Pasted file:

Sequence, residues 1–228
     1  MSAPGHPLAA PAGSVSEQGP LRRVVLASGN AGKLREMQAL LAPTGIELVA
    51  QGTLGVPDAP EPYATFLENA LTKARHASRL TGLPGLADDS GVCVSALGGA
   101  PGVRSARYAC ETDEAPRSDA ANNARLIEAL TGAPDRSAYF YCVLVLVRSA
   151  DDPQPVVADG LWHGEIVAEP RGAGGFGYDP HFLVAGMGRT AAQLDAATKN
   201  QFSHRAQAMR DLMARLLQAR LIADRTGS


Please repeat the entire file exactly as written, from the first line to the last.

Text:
Sequence, residues 1–228
     1  MSAPGHPLAA PAGSVSEQGP LRRVVLASGN AGKLREMQAL LAPTGIELVA
    51  QGTLGVPDAP EPYATFLENA LTKARHASRL TGLPGLADDS GVCVSALGGA
   101  PGVRSARYAC ETDEAPRSDA ANNARLIEAL TGAPDRSAYF YCVLVLVRSA
   151  DDPQPVVADG LWHGEIVAEP RGAGGFGYDP HFLVAGMGRT AAQLDAATKN
   201  QFSHRAQAMR DLMARLLQAR LIADRTGS